WITH just earcups, a mic, wires, a control box, and sound cancelling now a regular feature, you'd be forgiven for thinking there's not much left to be squeezed from the 'humble' aviation headset, Beyerdynamic disagree.
It launched at AERO 2011 its new range-topper, the HS800 Digital, which doubles the level of digital control over the sound feed to create a clearer and sharper sound in the ears, it says.
By eliminating any vestiges of analogue control and going fully digital with both 'feedback' and 'feedforward' (a technology first seen on its earlier HS600) control, Beyerdynamic says it outstrips any system that still utilises analogue elements and is far more reactive to unusual sound conditions. In short, that should mean better and more sophisticated noise cancelling, they say.
It's typical Beyerdynamic in look and style, with tweaks to improve comfort, weight, and compatibility with other devices such as phones and MP3 players.
Cushions are leather-covered, ear-paddine soft, peak padding shaped to improve comfort, and clamp pressure meant to reduce fatigue. It retains the signature circular earcups, which have been critiqued before for not being ear-shaped - so we will have to see in testing how it feels after a few hours wearing.
The control and battery unit is compact and makes sense, metal parts are anodized, and carbon-earshells eive it a cool look. As with other Beyerdynamics it can be customised too.
There is a helicopter version, either can be powered from the panel, and there are alternative, connectors. It comes with a five year warranty.
THE HS400 doesn't have ANR, so weighs in at a fraction of the cost of the pricier adaptive units up nearer the $1,000.00 mark.
Big ear cups completely enclose the ears, while the pads are viscoelastic covered with soft leatherette, which we found created a good seal around the ears, even if wearing spectacles.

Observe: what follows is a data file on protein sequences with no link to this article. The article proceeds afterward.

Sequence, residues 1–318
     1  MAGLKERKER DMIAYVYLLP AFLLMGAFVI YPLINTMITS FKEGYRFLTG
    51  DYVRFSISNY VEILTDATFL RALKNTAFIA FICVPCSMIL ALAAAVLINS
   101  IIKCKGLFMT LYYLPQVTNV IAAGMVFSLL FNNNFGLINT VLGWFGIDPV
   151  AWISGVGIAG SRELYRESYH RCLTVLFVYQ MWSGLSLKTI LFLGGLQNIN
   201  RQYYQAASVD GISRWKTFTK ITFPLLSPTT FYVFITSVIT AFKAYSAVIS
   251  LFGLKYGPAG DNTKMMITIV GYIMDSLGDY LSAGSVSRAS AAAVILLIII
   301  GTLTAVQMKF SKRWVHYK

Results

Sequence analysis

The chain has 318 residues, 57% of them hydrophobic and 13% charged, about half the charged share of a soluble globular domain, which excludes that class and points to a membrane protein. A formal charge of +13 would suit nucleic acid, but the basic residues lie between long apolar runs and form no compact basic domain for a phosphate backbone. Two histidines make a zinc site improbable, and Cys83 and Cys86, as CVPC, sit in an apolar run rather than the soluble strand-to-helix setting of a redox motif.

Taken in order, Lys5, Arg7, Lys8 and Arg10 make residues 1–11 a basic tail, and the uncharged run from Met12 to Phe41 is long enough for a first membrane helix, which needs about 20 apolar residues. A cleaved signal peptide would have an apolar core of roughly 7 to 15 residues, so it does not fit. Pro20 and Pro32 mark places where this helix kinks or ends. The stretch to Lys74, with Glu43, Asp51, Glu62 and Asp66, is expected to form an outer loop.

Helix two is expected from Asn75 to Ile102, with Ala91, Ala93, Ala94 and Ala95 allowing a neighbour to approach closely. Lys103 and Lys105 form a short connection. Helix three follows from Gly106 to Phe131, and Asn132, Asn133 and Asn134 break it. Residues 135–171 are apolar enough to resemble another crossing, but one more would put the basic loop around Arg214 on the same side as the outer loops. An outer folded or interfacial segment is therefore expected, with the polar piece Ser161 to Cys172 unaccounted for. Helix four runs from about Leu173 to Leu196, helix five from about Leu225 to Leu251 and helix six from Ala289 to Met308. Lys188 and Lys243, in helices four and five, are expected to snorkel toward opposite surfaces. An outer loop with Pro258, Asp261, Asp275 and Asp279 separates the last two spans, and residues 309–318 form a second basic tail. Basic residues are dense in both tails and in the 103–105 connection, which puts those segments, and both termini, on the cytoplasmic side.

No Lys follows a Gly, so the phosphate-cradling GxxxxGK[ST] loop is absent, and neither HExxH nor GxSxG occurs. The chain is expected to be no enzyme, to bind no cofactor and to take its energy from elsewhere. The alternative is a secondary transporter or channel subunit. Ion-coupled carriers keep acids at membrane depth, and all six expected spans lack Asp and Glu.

It's light (325g) and comfy even in extended use, and best of all the passive noise reduction is excellent - as good as any passive headset we've used. iPad connecting was easy and very dear, while overall it's smart, compact, and is nicely built with a 5-year warranty.
THE BRAND new headset from Beyerdynamic has hit the streets. The HS400 Signum (and HS400 Rotor) is the German company's latest passive headset and is set to replace the HS300. The new set benefits from online questionnaires that the firm set-up to quiz existing users of the 300.
Feedback has seen HS400 development focus on shrinking the audio box and being able to connect to MP3 layers and mobile phones. It also comes with two volume controls (one on the left, one on the right) and an LED screen showing how much power is left in the two AA batteries.
Much like Beyerdynamic% range-topping HS600DANR headset, the 400 also benefits from the online 'Manufaktur' programme, where potential owners can design the colours and choose materials for the headset they buy.
The HS400 Signum will retail at C289. The Rotor is the helicopter version, with twin jacks and coiled cable. Keep an eye open for a test soon.